deal with emotions

How Can I Help my Children Deal with Emotions?

[vc_row][vc_column][vc_column_text]How can I Help my Children Deal with Emotions?

How can I Help my Children Deal with Emotions? In his book, The Stress Factor, Dr. Harry Stanton says that the great enemy of human health is not a danger, an emotional convulsion, or an occasional crisis (like that of the coronavirus). On the contrary, it is the extended, unrelieved state of worry and anxiety.

There is no doubt that the moments in which we are living are moments of worry and anxiety. Isolation, uncertainty, and changes in our routines power a state of worry that we have never experienced before. In the previous articles, we have explained how to view emotions as the messenger who wants to help us collect the experience we are living and what is important about it.

How to help children deal with emotions

In today’s article, the question I will try to answer is the following: How can I help my children deal with emotions? If it is not easy for adults to navigate the turbulent waters of this crisis, how can it be for our children’s fragile minds? We are very concerned about the increasing number of cases of children with serious emotional problems.

They are growing up in a volatile environment, where schools are closed, nor can they go to the parks to freely play their favorite sport. The environment they are in has changed overnight, and now they wake up worrying about the coronavirus catastrophe coming to their homes.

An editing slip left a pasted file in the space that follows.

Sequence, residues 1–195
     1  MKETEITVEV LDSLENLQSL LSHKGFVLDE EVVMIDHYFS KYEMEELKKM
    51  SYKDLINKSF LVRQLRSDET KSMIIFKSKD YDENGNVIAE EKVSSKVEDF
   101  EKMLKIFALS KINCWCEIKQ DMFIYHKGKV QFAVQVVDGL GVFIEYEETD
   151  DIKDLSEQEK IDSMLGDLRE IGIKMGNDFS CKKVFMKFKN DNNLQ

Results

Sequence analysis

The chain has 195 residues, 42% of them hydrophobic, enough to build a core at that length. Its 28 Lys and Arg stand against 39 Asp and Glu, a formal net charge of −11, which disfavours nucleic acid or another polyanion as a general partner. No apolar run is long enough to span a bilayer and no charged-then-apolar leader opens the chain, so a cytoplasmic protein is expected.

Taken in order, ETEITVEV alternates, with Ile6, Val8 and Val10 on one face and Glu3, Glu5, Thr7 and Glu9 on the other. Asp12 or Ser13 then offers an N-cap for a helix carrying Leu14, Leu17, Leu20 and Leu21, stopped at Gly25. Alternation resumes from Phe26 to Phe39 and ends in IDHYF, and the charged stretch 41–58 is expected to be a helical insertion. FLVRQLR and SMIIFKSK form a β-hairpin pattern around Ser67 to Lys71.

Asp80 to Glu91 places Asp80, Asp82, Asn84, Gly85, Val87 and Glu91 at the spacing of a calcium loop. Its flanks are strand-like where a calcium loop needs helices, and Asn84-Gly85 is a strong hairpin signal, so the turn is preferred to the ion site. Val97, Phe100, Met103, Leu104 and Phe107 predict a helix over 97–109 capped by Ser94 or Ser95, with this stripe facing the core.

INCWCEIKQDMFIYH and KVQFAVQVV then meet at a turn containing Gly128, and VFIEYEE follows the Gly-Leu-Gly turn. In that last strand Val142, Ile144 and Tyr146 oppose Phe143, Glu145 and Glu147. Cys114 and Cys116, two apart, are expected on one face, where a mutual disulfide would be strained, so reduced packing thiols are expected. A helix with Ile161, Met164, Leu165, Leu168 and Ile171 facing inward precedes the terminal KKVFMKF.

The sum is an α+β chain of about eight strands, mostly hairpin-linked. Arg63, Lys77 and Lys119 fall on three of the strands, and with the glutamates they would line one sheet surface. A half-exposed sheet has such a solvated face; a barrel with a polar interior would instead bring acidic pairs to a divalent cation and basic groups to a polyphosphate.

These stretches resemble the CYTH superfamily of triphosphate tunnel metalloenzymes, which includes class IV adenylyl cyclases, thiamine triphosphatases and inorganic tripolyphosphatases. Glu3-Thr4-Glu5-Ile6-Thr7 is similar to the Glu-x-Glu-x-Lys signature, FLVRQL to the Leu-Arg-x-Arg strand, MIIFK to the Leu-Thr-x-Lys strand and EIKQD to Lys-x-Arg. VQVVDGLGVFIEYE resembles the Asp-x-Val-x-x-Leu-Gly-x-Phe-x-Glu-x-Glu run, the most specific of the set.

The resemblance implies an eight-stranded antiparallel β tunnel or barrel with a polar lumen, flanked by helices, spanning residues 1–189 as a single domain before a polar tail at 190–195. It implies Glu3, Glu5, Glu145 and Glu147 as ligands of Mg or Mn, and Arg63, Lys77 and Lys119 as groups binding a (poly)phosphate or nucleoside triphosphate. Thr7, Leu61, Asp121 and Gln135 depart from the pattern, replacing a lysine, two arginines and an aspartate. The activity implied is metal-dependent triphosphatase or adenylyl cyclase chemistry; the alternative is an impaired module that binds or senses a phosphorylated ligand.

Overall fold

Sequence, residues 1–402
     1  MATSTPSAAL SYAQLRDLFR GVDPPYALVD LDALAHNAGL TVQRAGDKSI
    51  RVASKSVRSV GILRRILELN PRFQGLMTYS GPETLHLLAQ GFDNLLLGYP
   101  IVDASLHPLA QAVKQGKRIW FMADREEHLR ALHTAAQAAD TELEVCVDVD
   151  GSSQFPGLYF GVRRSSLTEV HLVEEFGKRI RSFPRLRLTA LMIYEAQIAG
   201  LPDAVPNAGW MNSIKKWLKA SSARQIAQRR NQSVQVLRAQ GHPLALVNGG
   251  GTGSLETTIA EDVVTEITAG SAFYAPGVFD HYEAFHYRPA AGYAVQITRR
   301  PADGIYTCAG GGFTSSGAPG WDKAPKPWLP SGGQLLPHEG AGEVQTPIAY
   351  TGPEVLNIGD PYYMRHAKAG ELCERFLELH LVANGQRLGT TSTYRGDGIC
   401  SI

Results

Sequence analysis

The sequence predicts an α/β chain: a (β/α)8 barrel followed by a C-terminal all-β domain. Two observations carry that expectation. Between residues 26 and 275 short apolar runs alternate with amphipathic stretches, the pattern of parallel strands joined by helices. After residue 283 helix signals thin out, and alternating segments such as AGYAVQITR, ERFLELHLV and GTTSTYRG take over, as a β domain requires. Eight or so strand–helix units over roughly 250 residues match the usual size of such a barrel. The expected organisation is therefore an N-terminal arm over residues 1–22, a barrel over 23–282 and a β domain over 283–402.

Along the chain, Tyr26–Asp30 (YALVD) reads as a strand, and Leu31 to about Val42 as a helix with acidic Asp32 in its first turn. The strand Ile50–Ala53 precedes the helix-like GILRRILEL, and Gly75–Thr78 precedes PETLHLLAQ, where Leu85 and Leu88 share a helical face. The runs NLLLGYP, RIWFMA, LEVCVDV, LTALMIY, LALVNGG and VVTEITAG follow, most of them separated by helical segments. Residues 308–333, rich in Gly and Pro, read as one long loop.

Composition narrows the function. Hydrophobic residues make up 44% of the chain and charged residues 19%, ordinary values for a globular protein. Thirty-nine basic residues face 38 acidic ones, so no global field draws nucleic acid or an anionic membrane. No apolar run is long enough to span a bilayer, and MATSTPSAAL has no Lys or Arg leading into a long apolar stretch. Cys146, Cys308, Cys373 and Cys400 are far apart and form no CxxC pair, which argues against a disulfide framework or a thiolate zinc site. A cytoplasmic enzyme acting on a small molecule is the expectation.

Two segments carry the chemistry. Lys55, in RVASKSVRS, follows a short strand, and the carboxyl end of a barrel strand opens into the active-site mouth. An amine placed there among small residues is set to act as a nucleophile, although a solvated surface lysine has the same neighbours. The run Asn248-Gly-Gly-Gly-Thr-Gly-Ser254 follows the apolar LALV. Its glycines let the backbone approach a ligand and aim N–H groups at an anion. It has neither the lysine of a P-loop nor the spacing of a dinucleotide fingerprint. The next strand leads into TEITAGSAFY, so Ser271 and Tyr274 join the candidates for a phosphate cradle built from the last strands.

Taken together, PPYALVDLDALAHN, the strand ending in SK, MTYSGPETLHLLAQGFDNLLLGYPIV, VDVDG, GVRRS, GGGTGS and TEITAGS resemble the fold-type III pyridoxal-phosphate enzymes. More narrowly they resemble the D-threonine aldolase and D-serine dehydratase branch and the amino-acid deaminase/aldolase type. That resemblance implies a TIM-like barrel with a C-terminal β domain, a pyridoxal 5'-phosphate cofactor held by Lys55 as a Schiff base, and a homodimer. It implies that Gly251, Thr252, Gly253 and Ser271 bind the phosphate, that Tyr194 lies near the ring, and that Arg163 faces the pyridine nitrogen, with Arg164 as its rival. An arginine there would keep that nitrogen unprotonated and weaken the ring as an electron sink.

What are the symptoms that show us children are experiencing anxiety? Children find it difficult to concentrate, they cannot sleep easily, wake up at night with nightmares, do not eat properly, get angry and irritated quickly, and are out of control. They have negative thoughts, they use the bathroom frequently, they cry more than usual, and they may have a stomachache or feel sick due to the stress they experience.

Even though parents may not feel capable of dealing with their emotions, they have the responsibility to look after the spiritual, physical, and emotional development of their children. Many times, we emphasize that we must take care of the spiritual and physical aspects of our children’s lives. We do our best to get them to go to church with us and ensure they eat well. But, how committed are we to our children’s emotional growth, especially in COVID-19 times?

Intelligence to deal with emotions

Director of the Yale Center for Emotional Intelligence, Marc Brackett, says parents are co-creating their children’s emotional system. The first school of emotional intelligence our children have in their homes. They learn to relate to the world around them through their eyes.

The emotional dynamic that we are experiencing in the COVID-19 pandemic is the same emotional dynamic that our children are going to experience in the present and even as adults. Experts in this matter indicate that 80 percent of success in life is linked to the emotional intelligence of the individual. That is why, to help our children learn emotional intelligence, as parents, we must first learn to regulate our emotions because we are role models for them.

How should we respond to signs of anxiety in our children?

The system God placed in our brains to process our emotions is an alarm or signal system that lets us know the experience we are living within, and it determines the way we will approach the task or situation we have in front of us. When parents try to read and interpret emotions in their children, they also send a signal to their brains.

For example, if I look at you, and you are frowning, with anger showing on your face, the message my mind receives is “do not get any closer.” Normally, when we are dealing with adults, we can say, “this person needs space right now.” And, our reaction is to provide the space that the persona is looking for.

How can I help my children deal with emotions?

When it comes to raising our children, our reactions must be different. When they experience emotions of anxiety, anger, or frustration, they are saying: “I need you to get closer to me, not to get further away.” For human beings, especially for children, emotional security is as important as eating.